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How to Ruin Your Website and Ensure Your Customers Never Return

By Jamin Andrews
How to Ruin Your Website and Ensure Your Customers Never Return

It probably won’t surprise you to know that according to the stats specialists from Marketing Grader, a majority of websites are underperforming when it comes to overall design, content, performance and usability. Resulting in an unpopular, unloved and unvisited website.

There are a few things that can do wrong when creating and maintaining your website, below we mention a few things that you can do to ruin your website. But mostly importantly we focus on how to avoid or fix these. 

1. Hide from Google

Search engines can either be your best friend or worst enemy. By being in Google’s good books you will benefit from ranking higher than your competitors in search results for your keywords. The worst thing you can do for your website is completely ignore SEO.

Solution: You don’t need to hire a SEO specialist to get ahead of the pack. Ensure your content is relevant to what you do, keep your keywords and keyword phrases top of mind when writing your content (don’t ‘stuff’ your page with keywords - you will be penalised for this), have clear headings on each webpage, tag each image and introduce new content on a regular basis (through a blog).


2. Don’t Have a Clear Purpose

We have all visited those websites that try so hard to be everything to everyone. Instead of focussing on a niche or target market they try a extremely broadened approach, where everyone is their target. By doing this you’re no longer viewed as a specialist or expert in a particular field that you’re probably good at.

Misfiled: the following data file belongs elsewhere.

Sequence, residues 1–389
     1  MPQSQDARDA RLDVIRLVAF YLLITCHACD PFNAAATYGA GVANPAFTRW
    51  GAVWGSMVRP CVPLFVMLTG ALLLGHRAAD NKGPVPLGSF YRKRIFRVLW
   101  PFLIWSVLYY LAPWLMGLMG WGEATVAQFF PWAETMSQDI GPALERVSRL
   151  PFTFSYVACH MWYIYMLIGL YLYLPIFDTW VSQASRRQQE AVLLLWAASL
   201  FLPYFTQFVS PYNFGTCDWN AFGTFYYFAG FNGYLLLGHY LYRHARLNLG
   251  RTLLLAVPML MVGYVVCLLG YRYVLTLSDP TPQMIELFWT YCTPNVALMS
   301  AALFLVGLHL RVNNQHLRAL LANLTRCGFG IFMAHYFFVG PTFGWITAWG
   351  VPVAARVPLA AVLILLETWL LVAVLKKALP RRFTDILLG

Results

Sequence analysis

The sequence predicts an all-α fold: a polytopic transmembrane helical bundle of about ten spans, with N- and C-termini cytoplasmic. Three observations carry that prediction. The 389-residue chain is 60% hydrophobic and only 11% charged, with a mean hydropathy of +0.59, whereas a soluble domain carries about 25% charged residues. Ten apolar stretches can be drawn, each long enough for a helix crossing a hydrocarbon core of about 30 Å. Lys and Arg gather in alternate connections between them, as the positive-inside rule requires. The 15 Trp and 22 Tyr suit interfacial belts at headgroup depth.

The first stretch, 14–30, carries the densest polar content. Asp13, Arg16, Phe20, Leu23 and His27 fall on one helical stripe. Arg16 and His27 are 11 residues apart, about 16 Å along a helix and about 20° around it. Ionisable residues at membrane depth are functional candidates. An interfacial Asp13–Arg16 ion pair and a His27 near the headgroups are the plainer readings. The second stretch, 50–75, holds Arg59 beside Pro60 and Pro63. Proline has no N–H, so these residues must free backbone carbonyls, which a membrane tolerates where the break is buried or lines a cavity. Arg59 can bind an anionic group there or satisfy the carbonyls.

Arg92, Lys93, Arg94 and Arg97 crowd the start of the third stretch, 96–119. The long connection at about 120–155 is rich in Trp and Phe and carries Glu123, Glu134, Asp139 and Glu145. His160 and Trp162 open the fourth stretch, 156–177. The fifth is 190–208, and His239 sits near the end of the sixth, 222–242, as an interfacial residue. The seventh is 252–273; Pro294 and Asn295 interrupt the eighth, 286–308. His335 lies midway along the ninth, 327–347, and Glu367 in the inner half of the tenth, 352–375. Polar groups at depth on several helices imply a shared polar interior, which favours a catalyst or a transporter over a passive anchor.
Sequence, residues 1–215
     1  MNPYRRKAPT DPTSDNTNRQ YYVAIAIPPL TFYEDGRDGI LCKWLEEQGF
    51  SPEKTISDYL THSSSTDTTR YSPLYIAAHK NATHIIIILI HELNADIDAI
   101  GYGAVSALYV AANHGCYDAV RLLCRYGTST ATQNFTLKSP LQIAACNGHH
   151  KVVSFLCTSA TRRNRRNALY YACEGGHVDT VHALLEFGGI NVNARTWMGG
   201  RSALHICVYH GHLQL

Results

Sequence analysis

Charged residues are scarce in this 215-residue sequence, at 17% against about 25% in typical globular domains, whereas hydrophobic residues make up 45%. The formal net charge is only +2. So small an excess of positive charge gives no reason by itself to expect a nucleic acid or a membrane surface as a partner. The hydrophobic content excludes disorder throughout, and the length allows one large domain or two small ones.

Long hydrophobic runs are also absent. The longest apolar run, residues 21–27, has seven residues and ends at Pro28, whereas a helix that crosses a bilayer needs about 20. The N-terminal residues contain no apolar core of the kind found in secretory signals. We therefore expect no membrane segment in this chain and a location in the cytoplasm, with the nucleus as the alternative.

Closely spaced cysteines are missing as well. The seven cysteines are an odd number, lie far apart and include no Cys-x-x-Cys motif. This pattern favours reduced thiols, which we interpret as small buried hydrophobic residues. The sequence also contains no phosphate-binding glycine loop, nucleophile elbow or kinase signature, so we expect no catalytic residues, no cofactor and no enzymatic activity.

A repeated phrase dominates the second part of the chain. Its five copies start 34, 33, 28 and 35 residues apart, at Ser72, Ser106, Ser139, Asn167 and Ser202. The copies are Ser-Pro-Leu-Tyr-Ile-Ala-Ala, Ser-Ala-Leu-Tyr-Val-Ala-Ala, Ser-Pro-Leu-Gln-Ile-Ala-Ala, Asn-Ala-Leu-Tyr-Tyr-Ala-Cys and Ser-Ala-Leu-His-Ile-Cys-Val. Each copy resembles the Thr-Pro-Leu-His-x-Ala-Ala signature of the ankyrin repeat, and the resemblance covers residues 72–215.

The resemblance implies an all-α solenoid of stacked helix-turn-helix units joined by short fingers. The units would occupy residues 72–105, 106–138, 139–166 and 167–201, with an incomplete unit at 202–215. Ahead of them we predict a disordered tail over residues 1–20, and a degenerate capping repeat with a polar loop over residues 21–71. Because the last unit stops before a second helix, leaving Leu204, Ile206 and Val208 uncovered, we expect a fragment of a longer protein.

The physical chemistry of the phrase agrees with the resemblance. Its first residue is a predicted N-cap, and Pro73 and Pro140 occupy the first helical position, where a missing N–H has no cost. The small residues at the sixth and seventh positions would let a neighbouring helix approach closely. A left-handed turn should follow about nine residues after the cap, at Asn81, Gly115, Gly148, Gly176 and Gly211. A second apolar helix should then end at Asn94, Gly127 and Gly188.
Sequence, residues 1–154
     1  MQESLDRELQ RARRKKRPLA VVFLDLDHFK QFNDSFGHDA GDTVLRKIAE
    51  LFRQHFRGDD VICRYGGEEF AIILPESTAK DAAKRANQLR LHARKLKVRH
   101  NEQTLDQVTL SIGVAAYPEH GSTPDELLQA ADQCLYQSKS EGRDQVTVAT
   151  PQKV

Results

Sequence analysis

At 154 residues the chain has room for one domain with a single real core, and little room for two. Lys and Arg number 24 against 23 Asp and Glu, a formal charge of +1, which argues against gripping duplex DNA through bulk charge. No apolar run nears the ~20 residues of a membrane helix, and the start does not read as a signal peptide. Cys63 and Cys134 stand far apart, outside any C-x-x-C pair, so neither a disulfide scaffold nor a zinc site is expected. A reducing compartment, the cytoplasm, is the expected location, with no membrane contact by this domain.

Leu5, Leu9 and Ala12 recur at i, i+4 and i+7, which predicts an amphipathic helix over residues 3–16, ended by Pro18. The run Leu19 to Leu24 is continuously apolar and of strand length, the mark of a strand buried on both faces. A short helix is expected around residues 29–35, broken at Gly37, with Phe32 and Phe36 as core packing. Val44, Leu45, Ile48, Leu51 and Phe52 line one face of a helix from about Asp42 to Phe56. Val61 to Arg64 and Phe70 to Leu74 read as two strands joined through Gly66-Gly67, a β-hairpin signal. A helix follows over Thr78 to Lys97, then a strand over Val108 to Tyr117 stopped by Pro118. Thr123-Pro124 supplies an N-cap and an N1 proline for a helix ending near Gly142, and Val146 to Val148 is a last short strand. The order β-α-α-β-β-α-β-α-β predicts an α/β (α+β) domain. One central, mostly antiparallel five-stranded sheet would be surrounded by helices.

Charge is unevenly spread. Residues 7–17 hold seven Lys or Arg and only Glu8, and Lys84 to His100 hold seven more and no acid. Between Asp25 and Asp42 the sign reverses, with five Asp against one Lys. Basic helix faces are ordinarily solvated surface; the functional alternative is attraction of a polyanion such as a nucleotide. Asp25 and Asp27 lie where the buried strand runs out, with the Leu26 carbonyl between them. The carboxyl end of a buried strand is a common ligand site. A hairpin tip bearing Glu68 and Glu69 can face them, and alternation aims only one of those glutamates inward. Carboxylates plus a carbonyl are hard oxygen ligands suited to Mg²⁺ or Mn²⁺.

Solution: Pick what it is you are promoting/selling and choose who your clients are. Target them, tell your story and forget the rest.


3. Annoy Your Visitors

No-one likes constant pop up ads while they're trying to navigate their way through a website. Don’t work hard to bring people to your site just to irritate them.

Solution: Popups are never required, if you must promote something do so with a top or side banner ad. Avoid anything animated!


4. Don’t Measure Progress

How do you know how your website is going, compared to 6 months or a year ago? If you’re not setting goals and measuring them you’re in the dark about what’s working and what’s not.

Solution: Use a tool like Google Analytics, it’s free and will provide you indepth results on how your website is tracking including, visits, duration, bounce rate, most visited pages, acquisition and loads more.


5. Overload your homepage

When first creating your homepage it can be overwhelming with trying to flesh out exactly what it is you offer, and what you want your visitors to know. A sure way to ensure your visitors don’t stay on your page for long is by jam packing as much information as possible on your homepage.

Solution: Use a highly visible, easy to navigate menu to divide up your story and offerings. Let your customers pick what information they require by clearly titling each web page and keeping your homepage for the important things.


6. Use loads of fluffy, corporate talk

The easiest way to disengage your audience is by talking to them like a corporate robot. When you first write your content for your site, you must answer the question “what does my customer want?”

Solution: Avoid typical industry jargon and the overuse of fluffy marketing words. Talk to your customer as if they were sitting across from you. Answer the questions they have.


7. Outdated Content

Search engines thrive on new, relevant content. By regularly updating your content you’re not only keeping your visitors in the loop with the most relevant information, but you’re also giving search engines reason to visit more often.

Solution: No you don’t need to change the content on your homepage each month. Create a news, blog or support area on your website where new content can be added daily, weekly, fortnightly or monthly.


You don’t have to be a web professional or SEO whiz to create a standout website that encourages visitors to return. Always think like your customer, and create a website that answers the questions they have, not everything you want to tell them.